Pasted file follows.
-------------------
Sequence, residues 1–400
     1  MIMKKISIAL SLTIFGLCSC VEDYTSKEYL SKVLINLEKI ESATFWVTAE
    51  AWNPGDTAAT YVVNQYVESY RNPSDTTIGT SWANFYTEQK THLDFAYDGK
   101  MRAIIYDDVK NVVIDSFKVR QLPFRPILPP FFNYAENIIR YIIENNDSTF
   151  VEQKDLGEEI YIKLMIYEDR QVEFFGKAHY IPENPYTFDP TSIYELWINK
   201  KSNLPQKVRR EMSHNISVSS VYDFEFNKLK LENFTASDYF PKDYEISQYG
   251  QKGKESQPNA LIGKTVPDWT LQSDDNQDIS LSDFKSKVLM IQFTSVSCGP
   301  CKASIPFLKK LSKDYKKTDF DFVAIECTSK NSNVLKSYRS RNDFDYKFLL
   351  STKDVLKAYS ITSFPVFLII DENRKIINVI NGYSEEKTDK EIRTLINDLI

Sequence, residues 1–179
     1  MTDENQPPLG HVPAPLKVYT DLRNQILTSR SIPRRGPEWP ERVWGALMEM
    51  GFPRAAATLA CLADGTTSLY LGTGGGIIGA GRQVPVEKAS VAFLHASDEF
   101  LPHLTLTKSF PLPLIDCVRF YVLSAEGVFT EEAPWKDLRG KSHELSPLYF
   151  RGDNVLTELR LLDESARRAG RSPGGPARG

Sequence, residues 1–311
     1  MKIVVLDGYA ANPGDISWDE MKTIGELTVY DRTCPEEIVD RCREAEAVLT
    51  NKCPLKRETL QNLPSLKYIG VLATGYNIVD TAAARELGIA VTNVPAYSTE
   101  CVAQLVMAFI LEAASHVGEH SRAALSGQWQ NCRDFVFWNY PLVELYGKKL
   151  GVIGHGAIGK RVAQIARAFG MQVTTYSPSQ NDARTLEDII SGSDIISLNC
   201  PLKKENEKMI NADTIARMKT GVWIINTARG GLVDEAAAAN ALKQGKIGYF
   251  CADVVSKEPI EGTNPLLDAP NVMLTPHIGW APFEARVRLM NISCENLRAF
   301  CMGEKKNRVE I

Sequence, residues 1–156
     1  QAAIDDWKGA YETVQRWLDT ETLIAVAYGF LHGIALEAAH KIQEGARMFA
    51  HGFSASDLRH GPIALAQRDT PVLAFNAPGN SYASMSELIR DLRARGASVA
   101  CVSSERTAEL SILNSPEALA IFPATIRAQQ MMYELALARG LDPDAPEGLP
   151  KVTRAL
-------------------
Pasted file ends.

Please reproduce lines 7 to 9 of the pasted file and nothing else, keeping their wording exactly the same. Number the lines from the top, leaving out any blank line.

   251  QKGKESQPNA LIGKTVPDWT LQSDDNQDIS LSDFKSKVLM IQFTSVSCGP
   301  CKASIPFLKK LSKDYKKTDF DFVAIECTSK NSNVLKSYRS RNDFDYKFLL
   351  STKDVLKAYS ITSFPVFLII DENRKIINVI NGYSEEKTDK EIRTLINDLI